How can governments use AI to strengthen cybersecurity defenses against sophisticated attacks?

AI has been in use for more than a decade in state-of-the-art security technologies, primarily to detect novel and constantly evolving attacks. Detecting the sheer volume of attacks today, as well as finding the singular “needle in a haystack” cannot be done by classic technologies, but is possible with sophisticated AI techniques. As a baseline, governments should evaluate their security technology to understand how effective AI and machine learning are at detecting the latest threats.

The more advanced capabilities can analyze the infrastructure to determine typical behavior and usage patterns and auto-configure security settings and policies, providing adaptive security that is even more efficient at detecting anomalous activities.

The latest generative AI technologies are also helping drive efficiency in the Security Operations Center (SOC). GenAI can help SOC analysts more quickly and fully understand attacks, and provide guidance to analysts using natural language. This is especially important as we face continued challenges staffing security professionals.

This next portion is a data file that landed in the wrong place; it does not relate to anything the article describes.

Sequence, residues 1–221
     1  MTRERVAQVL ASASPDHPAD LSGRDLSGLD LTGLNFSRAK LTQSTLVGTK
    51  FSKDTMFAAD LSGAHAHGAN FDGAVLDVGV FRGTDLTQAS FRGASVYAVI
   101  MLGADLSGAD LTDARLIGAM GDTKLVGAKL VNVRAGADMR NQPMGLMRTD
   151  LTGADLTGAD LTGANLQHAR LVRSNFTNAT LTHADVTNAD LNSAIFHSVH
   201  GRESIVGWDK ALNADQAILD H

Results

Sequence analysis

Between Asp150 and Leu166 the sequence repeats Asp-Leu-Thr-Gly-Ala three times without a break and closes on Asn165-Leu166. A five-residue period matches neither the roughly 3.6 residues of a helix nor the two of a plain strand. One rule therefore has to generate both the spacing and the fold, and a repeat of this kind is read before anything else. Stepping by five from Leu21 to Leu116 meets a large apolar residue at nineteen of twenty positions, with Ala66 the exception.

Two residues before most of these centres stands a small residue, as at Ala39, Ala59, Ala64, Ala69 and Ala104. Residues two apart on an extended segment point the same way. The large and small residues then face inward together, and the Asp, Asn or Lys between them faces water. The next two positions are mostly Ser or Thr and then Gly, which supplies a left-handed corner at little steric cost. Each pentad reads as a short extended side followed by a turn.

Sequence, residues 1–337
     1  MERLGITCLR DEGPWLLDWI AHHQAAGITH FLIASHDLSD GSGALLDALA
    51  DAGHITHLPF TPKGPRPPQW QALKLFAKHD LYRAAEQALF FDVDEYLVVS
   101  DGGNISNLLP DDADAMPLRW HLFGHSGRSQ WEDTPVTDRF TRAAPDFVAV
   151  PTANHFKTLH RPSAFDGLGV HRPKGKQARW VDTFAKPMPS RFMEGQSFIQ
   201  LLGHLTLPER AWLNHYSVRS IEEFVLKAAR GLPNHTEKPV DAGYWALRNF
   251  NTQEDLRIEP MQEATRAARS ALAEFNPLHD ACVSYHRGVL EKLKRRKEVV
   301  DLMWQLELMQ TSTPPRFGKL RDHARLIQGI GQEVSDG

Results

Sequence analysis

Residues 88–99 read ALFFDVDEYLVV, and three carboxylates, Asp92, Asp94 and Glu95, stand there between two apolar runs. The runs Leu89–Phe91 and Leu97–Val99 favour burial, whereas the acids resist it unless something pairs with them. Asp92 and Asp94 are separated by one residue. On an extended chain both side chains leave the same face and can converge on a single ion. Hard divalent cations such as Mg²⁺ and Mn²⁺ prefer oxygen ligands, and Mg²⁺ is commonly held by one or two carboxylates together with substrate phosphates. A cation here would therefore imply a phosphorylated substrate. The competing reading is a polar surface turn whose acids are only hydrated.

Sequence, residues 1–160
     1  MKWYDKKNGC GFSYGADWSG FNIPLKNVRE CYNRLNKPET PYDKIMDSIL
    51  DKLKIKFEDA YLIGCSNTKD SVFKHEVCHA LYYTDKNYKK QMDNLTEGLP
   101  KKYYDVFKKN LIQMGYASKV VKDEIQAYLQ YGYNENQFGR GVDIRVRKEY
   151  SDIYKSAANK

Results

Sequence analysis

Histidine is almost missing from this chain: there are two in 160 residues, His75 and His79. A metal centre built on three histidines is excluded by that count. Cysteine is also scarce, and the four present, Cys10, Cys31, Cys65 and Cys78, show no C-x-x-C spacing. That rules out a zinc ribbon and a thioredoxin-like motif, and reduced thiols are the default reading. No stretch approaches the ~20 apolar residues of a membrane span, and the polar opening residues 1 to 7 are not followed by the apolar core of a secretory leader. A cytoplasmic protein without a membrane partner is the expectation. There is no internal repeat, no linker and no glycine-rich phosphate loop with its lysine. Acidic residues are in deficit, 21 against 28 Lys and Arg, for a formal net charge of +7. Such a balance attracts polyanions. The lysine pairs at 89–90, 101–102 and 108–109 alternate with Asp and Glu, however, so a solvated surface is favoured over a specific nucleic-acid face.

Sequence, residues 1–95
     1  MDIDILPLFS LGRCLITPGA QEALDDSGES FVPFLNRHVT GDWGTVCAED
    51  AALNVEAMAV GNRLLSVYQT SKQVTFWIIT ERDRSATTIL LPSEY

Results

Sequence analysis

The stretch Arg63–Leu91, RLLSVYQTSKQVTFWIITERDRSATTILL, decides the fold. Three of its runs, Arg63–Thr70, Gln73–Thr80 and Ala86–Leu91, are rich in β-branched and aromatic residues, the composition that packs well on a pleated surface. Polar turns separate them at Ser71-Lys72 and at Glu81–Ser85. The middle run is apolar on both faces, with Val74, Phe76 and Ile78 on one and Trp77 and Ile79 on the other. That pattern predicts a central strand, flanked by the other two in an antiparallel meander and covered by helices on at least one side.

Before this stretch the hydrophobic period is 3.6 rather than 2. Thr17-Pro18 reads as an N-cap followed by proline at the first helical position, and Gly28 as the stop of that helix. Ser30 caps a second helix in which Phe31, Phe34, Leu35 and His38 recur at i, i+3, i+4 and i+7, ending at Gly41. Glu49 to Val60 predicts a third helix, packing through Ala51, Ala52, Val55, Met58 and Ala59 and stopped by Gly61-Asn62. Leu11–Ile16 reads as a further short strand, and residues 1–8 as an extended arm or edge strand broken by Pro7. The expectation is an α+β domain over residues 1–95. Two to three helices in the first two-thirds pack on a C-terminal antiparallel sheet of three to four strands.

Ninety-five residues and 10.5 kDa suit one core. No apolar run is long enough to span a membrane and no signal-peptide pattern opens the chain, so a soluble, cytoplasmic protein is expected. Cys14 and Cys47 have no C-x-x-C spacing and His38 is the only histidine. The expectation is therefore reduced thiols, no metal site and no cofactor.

Are there any specific regulatory frameworks or policies that must be implemented or improved?

Currently, there are numerous policies and regulations, both domestically and internationally, which are inconsistent and vary in their requirements. These administrative requirements take significant resources which could otherwise be used to strengthen a company’s cybersecurity program. Therefore, it is imperative that existing and forthcoming cybersecurity regulations be harmonized and policies be considered comprehensively.

The recent summary from the Office of the National Cyber Director (ONCD) on the 2023 Cybersecurity Regulatory Harmonization Request for Information (RFI) shows that the U.S. Government understands this problem. The report finds that the “lack of harmonization and reciprocity harms cybersecurity outcomes while increasing compliance costs through additional administrative burdens.” The ONCD is working with other federal agencies as well as the private sector to address these issues by seeking to “simplify oversight and regulatory responsibilities of cyber regulators” and “substantially reduce the administrative burden and cost on regulated entities.”

This is a much-needed exercise and it’s encouraging to see steps being taken to ensure that cybersecurity regulations are comprehensive, effective, and efficient.

What role should the private sector play in supporting government cybersecurity efforts?

The private sector has threat intelligence that the government often doesn’t have. This makes the bidirectional sharing of information between the private and public sectors essential in combating bad actors. Partnerships between leading cybersecurity research groups and vendors like the Cyber Threat Alliance (CTA), as well as public and private sector partnerships like the Joint Cyber Defense Collaborative (JCDC), help the cybersecurity community at large bring its combined intelligence to bear to help defend our global digital ecosystem.

The Hacker and the State: Cyber Attacks and the New Normal of Geopolitics

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Tags: nation-state cyber attacks